The third arc of the hit series hits stands the same day as the next one begins! From the dark days of the depression, to the middle ages and the old west, these tales of horror and myth and the mystery of the Femme Fatale reveal secrets even our heroine doesn't know about yet. Bold and experimental, this is pulp noir horror at it's finest. Collects FATALE #11-14
The slayers of unbelievers and various heretic hunters of yore have found a new champion in that part of hell where the sun sets, unleashing an intricate hybrid of heavy metal traditionalism and progressivism as only a Canadian/New Zealanders can provide
Yoakum put together this amazing western and plays a decent, upstanding Marshall in the Arizona territory in the early part of the 20th century. South of Heaven, West of Hell is set in 1907, apparently in order to show clips from the Great Train Robbery. In that opening scene a cowboy stands up and shoots back at the screen during the famous shot of a cowboy shooting at the camera. An obvious nod to The Grey Fox and allegedly this incident actually happened, more than once, when moving pictures were new.
Yoakum is Valentine Casey, veteran of the Spanish American war and now Marshall in a small town. His past catches up with him as it happens to many a western hero. The Marshall was raised by a family of outlaws who pay a visit to his small town on Christmas Eve, rob the bank, kill his deputy, very well played by Scott Wilson, and several other people and make good use of a Gatling gun and dynamite, new weapons in the old west.
Yoakum pays his respects to a lot of the old westerns but breaks new ground in some ways. Few westerns for instance make reference to the Texas Chainsaw Massacre but I swear this movie does. The Henry family, which Valentine Casey was once a part of, seems to be made up entirely of men. There is only one Henry sister, called Sissy of course, who still has a major crush on Val.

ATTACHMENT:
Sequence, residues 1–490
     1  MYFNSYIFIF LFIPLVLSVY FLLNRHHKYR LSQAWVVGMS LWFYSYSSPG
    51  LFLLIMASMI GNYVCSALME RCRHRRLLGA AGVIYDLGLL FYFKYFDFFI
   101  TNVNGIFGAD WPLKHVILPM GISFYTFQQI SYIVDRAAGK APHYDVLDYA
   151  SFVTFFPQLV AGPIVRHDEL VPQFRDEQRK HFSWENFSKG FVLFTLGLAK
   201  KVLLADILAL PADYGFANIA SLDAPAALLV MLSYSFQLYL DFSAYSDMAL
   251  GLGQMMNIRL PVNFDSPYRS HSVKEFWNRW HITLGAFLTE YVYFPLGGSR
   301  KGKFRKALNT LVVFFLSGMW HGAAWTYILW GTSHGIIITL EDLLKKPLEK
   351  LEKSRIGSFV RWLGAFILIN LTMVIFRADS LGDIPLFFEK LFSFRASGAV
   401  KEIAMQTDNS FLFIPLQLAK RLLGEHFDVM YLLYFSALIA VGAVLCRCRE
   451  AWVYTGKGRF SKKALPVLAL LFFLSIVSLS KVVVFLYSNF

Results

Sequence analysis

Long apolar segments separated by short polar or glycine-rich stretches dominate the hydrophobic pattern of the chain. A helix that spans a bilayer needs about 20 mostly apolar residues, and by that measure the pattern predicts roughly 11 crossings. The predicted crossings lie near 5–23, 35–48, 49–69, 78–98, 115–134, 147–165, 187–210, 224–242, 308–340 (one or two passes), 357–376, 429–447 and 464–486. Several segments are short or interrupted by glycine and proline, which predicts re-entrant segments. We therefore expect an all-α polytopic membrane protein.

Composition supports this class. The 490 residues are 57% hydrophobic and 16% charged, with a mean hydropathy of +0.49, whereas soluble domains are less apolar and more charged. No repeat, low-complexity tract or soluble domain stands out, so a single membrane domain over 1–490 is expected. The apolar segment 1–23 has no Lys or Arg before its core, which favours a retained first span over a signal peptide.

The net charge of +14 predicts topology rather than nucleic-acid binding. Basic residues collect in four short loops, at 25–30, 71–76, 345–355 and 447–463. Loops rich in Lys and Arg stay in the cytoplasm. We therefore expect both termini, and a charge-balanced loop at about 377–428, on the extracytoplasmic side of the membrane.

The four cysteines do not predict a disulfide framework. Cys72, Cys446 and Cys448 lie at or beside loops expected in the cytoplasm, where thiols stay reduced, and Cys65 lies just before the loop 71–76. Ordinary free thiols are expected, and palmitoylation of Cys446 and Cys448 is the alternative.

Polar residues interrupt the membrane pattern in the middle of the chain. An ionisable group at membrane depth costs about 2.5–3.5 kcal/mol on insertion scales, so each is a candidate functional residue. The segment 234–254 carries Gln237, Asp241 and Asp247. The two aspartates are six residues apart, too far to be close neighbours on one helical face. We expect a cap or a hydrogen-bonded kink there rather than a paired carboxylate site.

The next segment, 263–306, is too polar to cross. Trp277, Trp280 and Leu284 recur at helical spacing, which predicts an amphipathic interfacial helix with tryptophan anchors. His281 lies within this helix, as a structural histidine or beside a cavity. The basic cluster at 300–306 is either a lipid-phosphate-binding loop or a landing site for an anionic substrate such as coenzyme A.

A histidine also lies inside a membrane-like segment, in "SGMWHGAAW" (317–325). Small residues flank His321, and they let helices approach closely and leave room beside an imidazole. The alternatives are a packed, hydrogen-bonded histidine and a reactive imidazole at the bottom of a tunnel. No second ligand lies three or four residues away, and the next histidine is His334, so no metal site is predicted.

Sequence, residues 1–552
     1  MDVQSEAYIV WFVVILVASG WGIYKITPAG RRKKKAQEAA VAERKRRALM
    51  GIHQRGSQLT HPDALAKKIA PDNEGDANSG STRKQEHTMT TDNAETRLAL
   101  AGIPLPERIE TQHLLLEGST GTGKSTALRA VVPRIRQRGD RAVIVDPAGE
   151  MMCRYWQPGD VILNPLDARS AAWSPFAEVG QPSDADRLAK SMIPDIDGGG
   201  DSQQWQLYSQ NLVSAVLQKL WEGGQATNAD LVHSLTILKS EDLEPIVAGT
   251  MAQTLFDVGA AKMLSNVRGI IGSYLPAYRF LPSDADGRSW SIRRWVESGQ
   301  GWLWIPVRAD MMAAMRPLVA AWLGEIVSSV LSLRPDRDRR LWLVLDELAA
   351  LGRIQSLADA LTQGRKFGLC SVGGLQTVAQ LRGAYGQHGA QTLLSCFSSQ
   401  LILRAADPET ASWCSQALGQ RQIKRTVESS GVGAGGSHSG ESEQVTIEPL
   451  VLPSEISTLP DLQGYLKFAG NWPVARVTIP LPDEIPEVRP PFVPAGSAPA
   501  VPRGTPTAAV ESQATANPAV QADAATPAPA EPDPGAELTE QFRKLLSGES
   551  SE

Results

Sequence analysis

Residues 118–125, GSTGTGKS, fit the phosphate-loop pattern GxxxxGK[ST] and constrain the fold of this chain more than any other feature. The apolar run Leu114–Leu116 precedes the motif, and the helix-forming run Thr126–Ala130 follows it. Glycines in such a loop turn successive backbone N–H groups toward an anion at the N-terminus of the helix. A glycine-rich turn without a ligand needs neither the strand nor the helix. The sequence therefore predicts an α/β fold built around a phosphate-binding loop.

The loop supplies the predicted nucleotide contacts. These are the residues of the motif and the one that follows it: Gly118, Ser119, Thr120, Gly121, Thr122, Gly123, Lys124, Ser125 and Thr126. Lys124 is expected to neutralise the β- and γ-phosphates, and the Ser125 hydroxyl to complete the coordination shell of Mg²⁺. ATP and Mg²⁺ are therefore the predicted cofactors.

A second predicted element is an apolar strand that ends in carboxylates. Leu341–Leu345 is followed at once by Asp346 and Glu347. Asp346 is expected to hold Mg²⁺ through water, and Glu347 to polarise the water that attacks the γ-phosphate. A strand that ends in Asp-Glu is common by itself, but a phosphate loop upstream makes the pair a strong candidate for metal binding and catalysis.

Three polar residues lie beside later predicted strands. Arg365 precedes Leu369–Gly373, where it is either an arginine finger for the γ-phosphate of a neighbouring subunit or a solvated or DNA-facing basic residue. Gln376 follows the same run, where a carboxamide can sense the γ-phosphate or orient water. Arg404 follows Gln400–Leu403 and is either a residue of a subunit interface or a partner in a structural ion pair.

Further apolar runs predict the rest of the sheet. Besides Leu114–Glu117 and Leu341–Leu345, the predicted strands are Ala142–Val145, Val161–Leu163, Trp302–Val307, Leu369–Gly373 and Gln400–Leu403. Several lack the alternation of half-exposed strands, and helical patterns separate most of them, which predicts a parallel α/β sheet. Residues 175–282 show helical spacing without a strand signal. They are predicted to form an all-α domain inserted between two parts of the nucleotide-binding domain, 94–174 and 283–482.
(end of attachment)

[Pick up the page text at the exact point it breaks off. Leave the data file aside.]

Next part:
At the dawn of Reconstruction, a freedman (Tony Todd) boards a night train with eye-for-eye intent toward the daughter of his ex-owner that tortured his own. Plans stifled by a bodyguard (Michael Eklund) and the young woman's shifty acquaintances all bound for Atlanta. But as the locomotive's firebox churns, their dark pasts seemingly lead to damnation. Unevenness sours strong casting and subtext of slavery's sin leaving many unclean in this southbound horror western. Every rider is stained, even Todd's vengeful headhunter and a fellow ex-slave plagued by past inaction. Tensions boil as the group realize Georgia isn't their destination and each is tested along Satan's tracks.
A group of people (including Tony Todd, Michael Eklund, and Jennifer Laporte) board a train.... to hell. Just like the many Amicus Tales from the Crypt variations, our group slowly comes to terms with their damnation - though in less portmanteau fashion. The fact that everyone is intensely unpleasant makes it hard to sympathize with their respective plights, though Tony Todd carries himself with enough dignity to justify his fans getting more out of this than your average weird west enthusiasts.
A group of people board a train that literally ends up in hell where they are challenged by a shapeshifter to face their pasts and learn about the darkness that consumes each and what drives them. It seems to take some cues from classic Amicus anthologies, but this is not an anthology itself. The characters such as a Tony Todd's vengeful ex-slave, an empty feeling mercenary and current slave owning woman are all pretty interesting even if the acting is a bit inconsistent. As is the usual these days Lance Henriksen shows up for just a few minutes and looks nothing like he does on the poster.
I knew going into this one that it wasn't going to be great but the idea of smooth talking Tony Todd in a supernatural western made me smile and I couldn't pass it up. A group of travelers on a train to Atlanta end up in Hell and must face their sins or suffer. Damn, I hate when that situation happens. Also featuring Micahel Eklund (Bobo Del Ray from Wynonna Earp) as a gunslinger which was fun. Overall this film is just ok, it's lacking razzle dazzle charm. The devil/demon dude has a face blur from a camera phone which is distracting. 781b155fdc